Note there are some exceptions.

This section contains a number of changes including requirements for electrical separation, RCDs, proximity to non-electrical services, and protective bonding conductors.

Protective equipotential bonding

Regulation 721.411.3.1.2 requires structural metallic parts that are accessible from within the caravan to be connected through main protective bonding conductors to the main earthing terminal within the caravan.

The requirements for connections of protective bonding conductors have been clarified. Regulation 721.544.1.1 states that the terminations of protective bonding conductors connecting the conductive structure of the unit shall be accessible and protected against corrosion.




Provision of RCDs

The requirements for RCD protection have also been redrafted.

Regulation 721.415.1 states that where protection by automatic disconnection of supply is used, a residual current device with a rated residual operating current not exceeding 30 mA, complying with BS EN 60947-2 (Annex B), BS EN 61008-1, BS EN

61009-1 or BS EN 62423 breaking all live conductors, shall be provided having the characteristics specified in 415.1.1.

Each supply inlet shall be directly connected to its associated RCD.

Please note this implies that there may not be any taps or junctions in this connection.

An RCD is a protective device used to automatically disconnect the electrical supply when an imbalance is detected between live conductors. In the case of a single-phase circuit, the device monitors the difference in currents between the line and neutral conductors. If a line to earth fault develops, a portion of the line conductor current will not return through the neutral conductor. The device monitors this difference, operates and disconnects the circuit when the residual current reaches a preset limit, the residual operating current (IΔn).

Proximity to non-electrical services

The requirements for proximity to non-electrical services have been redrafted.

Regulation 721.528.2.1 requires that where cables have to run through a gas cylinder storage compartment, they shall pass through the compartment at a height of not less than 500 mm above the base of the cylinders and shall be protected against mechanical damage by installation within a conduit system complying with the appropriate part of the BS EN 61386 series or within a ducting system complying with the appropriate part of the BS EN 50085 series.

Switchgear and controlgear

The installation to the caravan should have a main disconnector, which will disconnect all the live conductors. This should be placed in a suitable position for ready operation within the caravan to isolate the supply. When a caravan only has one final circuit then the isolation can be afforded by the overcurrent protective device as long as it fulfils the requirements for isolation.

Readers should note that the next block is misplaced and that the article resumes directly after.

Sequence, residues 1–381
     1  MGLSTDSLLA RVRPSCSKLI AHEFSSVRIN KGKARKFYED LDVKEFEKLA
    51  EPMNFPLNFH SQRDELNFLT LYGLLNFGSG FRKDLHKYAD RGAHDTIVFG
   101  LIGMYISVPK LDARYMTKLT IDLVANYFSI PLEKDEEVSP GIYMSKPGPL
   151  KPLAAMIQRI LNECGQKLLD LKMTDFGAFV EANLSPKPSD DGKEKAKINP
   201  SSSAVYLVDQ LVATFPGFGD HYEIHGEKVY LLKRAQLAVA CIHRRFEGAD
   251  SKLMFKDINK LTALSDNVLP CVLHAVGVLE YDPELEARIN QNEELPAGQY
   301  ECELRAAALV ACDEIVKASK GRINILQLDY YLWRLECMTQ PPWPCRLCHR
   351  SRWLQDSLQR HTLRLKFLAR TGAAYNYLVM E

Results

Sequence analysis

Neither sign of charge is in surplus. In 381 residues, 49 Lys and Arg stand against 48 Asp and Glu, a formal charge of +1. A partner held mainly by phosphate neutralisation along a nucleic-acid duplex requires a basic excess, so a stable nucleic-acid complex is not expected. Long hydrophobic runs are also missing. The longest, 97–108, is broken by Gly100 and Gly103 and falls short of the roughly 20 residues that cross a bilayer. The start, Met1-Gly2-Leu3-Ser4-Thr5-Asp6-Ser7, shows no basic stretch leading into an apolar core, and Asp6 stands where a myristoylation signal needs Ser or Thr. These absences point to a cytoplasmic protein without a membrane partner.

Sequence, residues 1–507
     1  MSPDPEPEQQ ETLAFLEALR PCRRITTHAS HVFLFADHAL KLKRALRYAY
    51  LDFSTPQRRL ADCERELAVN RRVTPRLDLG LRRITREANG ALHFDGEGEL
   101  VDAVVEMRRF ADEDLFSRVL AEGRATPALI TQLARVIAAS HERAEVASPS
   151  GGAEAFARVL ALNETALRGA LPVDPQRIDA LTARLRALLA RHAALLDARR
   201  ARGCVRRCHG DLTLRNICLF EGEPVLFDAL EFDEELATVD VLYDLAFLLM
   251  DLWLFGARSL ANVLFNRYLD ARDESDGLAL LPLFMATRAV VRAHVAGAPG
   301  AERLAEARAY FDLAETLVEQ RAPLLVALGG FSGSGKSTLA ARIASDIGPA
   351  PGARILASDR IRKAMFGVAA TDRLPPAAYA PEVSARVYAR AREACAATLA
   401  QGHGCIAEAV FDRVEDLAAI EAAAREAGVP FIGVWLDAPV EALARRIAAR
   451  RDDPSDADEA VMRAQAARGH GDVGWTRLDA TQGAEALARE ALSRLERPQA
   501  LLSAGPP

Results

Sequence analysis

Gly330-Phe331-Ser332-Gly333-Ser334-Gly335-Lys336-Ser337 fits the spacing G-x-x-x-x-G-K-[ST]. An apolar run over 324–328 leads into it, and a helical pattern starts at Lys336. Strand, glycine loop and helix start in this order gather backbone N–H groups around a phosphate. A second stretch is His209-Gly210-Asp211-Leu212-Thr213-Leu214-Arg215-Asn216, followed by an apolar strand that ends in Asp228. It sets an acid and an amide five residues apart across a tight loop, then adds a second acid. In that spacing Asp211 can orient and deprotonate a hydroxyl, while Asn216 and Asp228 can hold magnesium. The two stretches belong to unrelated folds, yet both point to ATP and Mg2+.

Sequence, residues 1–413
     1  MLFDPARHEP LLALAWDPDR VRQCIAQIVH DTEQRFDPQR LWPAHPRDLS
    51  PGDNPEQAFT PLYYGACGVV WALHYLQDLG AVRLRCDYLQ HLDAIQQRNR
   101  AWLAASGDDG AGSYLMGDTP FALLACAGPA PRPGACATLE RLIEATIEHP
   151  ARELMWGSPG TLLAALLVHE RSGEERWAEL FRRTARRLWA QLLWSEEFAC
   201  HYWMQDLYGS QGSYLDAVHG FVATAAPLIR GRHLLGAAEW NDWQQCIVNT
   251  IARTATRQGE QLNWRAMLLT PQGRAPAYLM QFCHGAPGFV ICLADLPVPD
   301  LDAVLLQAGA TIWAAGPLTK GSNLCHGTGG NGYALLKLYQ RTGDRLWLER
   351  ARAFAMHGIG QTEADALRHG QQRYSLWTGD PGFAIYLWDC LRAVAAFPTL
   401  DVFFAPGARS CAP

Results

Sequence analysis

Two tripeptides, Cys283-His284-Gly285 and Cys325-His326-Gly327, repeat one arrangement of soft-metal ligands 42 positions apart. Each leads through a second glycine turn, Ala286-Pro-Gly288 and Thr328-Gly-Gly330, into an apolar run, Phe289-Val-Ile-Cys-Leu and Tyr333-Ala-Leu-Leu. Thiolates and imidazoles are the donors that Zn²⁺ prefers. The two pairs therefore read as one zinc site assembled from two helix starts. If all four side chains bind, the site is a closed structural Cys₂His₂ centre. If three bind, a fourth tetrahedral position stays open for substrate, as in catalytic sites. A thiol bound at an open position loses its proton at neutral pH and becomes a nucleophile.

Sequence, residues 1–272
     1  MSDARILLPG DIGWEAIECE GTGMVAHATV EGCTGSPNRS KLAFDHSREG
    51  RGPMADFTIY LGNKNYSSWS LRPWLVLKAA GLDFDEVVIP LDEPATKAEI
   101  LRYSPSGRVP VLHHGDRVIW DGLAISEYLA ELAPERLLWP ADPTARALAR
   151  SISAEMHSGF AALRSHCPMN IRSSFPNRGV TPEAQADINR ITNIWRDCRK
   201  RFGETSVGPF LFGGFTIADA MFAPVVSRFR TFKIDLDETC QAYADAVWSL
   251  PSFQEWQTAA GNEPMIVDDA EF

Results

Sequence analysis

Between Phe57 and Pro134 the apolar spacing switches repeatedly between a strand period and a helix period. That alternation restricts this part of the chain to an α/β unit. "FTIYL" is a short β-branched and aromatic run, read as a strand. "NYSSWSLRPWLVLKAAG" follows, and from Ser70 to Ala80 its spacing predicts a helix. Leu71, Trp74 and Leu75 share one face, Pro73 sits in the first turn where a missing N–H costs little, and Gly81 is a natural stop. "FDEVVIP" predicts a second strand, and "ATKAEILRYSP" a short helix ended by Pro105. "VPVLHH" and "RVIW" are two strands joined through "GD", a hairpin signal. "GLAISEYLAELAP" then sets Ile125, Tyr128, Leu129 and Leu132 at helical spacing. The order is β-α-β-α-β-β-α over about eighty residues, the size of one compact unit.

An indelible notice in the appropriate language(s) must be permanently fixed near the main isolation point inside the caravan to provide the user with instructions on connecting and disconnecting the supply (refer to Figure 721 of BS 7671).

The inlet to the caravan must be an appliance inlet complying with BS EN 60309-1. This should be installed not more than 1.8 m above ground level, in a readily accessible position, have a minimum degree of protection of IP44, and should not protrude significantly beyond the body of the caravan.

The connecting flexible cable

The means of connecting the caravan to the pitch socket-outlet should be provided with the caravan. This must have a plug at one end complying with BS EN 60309-2, a flexible cable with a continuous length of 25 m (±2 m). The connecting flexible cable must be in one length, without signs of damage, and not contain joints or other means to increase its length; and a connector if needed that is compatible with the appropriate appliance inlet. The cable should be to the harmonized code H05RN-F (BS EN 50525-2-21) or equivalent, include a protective conductor, have cores coloured as required by Table 51 of BS 7671 and have a cross-sectional area as shown in Table 721.

Periodic inspection & testing

The purpose of periodic inspection and testing is to provide an engineering view on whether or not the installation is in a satisfactory condition where it can continue to be used safely. Periodic inspection and testing is necessary because all electrical installations deteriorate due to a number of factors such as damage, wear, tear, corrosion, excessive electrical loading, ageing and environmental influences. IET Guidance Note 3 gives the recommended initial frequencies for inspection of electrical installations for construction sites, caravan/camping parks, and in caravans.

Conclusion

It is important to be aware that this article (which is based on an article from Issue 67 of Wiring Matters) only gives a brief overview of requirements for electrical installations on caravan/camping parks, and in caravans. Refer to BS 7671:2018 for more information.

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The Main Changes In The 18th Edition IET Wiring Regulations

The following list provides an overview of the main changes within the 18th Edition IET Wiring Regulations (publishing 2nd July 2018). This list is not exhaustive as there are many smaller changes throughout the book not included here.BS 7671:2018 Requirements for Electrical Installations will be issued on 2nd July 2018 and is intended to come into effect on 1st January 2019.

Installations designed after 31st December 2018 will have to comply with BS 7671:2018.